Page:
About-the world this week, 19 February to 25 February 2023: The US in Ukraine; a melting Thwaite Glacier; a canal dry Venice; Israel’s Supreme Court; Trains and Tunnels; Canada’s Super Pigs; Two leaves, and a Bow & Arrow; and Japan’s roll with an iron Ball.
This week United States (US) President Joe Biden made a surprise dash to Ukraine to walk with President Zelensky on the streets of Kyiv, hear the air-raid alarms, deliver bear-hugs, show solidarity, and announce additional support and aid. That should be morale boosting for Ukraine. This is Biden’s first visit since Russia invaded Ukraine a year ago and it comes almost on the anniversary of Russia’s invasion of 24th February. Biden said the US would stand with Ukraine ‘for as long as it takes’ and praised the heroic fight-back. He then went on for a three-day visit to neighbouring Poland, where he declared that Russia will never be able to capture Ukraine.
Meanwhile, European Union (EU) foreign ministers met in Brussels to discuss how to make sure Ukrainian forces are supplied with enough ammunition to keep the war going.
And in Russia, President Vladimir Putin made his state of the union address, where he recycled the same lines about his rationale for invading Ukraine; and he outlined no vision of how the so-called ‘special military operation’ he launched might end. But Putin did offer at least one headline, announcing that Russia is suspending its participation in the ‘New START’ (Strategic Arms Reduction Treaty), the US-Russia bilateral agreement on nuclear arms reduction. Putin repeated the same baseless claim that Russia had no choice but to use force against Ukraine. And he doubled down on blaming the West for the conflict. “I want to repeat: it was they who unleashed the war,” Putin said. “And we used and continue to use force to stop it.” Wow, what an inventive, foggy reason!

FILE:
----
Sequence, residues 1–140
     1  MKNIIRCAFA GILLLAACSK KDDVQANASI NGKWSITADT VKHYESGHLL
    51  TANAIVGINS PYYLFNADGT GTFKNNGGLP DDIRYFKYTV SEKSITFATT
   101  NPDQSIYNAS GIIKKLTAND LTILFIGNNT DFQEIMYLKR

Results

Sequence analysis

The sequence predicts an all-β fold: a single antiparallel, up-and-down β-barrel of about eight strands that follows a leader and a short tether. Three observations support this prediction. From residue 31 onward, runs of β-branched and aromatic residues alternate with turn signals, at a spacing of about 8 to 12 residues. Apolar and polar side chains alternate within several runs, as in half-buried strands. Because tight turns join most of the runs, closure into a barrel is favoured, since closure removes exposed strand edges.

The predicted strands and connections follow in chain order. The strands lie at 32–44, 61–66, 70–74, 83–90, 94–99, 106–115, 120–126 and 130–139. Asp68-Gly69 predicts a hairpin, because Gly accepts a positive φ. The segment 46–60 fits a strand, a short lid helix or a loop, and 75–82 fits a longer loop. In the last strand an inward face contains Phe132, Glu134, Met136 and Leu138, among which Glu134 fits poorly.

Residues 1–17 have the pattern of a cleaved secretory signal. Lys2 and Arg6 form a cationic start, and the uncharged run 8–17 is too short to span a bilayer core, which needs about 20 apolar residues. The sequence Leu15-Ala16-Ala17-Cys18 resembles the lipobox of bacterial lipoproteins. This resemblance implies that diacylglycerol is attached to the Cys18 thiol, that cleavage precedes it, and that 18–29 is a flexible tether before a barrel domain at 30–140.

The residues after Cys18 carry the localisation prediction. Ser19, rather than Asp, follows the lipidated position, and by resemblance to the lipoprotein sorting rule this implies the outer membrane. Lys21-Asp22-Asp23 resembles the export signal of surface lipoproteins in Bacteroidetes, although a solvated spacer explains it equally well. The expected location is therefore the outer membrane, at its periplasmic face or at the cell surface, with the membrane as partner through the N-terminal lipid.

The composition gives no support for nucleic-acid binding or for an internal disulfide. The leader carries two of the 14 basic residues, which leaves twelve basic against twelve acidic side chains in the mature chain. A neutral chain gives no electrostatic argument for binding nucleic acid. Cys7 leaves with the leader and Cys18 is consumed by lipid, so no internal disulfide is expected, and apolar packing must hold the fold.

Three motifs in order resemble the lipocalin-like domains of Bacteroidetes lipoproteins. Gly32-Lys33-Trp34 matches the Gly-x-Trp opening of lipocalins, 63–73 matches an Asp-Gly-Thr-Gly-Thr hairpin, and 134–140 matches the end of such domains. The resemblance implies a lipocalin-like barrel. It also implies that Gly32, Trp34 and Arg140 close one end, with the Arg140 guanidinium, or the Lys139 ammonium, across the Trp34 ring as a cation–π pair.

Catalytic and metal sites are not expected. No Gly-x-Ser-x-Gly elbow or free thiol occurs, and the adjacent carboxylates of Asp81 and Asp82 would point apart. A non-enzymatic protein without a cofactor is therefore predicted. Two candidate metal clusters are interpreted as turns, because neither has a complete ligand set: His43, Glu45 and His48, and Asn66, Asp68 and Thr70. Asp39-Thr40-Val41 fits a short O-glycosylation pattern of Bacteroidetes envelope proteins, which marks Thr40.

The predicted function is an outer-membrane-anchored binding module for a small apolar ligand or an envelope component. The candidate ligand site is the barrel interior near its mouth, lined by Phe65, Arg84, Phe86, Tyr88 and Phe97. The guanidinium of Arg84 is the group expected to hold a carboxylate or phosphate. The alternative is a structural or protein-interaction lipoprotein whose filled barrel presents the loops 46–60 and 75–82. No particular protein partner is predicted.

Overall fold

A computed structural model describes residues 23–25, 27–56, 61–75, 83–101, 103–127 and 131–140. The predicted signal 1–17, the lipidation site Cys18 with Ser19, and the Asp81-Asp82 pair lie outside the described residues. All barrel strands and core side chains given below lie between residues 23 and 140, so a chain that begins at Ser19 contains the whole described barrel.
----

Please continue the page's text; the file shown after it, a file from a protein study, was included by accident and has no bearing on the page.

Doomsday could arrive sometime in the future and Antarctica’s Thwaites Glacier, also nicknamed the ‘Doomsday Glacier’, may drown many parts of the World on a probably irreversible path. Over the years, this unusually broad and vast Glacier, about the size of Great Britain, alone has contributed to 4% rise in global sea levels. Thwaites is melting rapidly and all the Oceans being connected, a full melt-down could result in a 1 to 3 metre rise in sea levels all across the World.
Presently a floating ice-shelf called the Thwaites Ice-Shelf braces and restrains the eastern portion of the Thwaites Glacier. In recent years, this ice sheet has been steadily disintegrating and Scientists predicated that it is likely to collapse within a decade from 2021. The Thwaites Glacier itself acts a natural dam for enormous ice lakes sitting behind it. They will slide down the mild slopes of continental Antarctica and into the sea once Thwaites collapses.
The Glacier is named after Fredrik T Thwaites, a glacial geologist and Professor emeritus at the University of Wisconsin-Madison.
What would be the effects? Think, major cities such as New York, Miami, Mumbai, Shanghai, and Tokyo would be inundated. And low-lying Island nations such as Maldives (Indian Ocean), Kiribati (Central Pacific Ocean) and Tuvalu (South Pacific) may be swallowed up.What can we do? Some have suggested building of underwater walls with robots, and others have suggested enormous cooling tunnels under the ice to cool the slightly warmer water beneath the Glacier, which chips away at the ice.
Whatever, the impacts of melting glaciers can always be mitigated depending on how we humans respond in the coming decades. And there is no reason to panic. Maybe we should never use the word ‘Doomsday Glacier’ as it gives the inaccurate impression of something inevitable?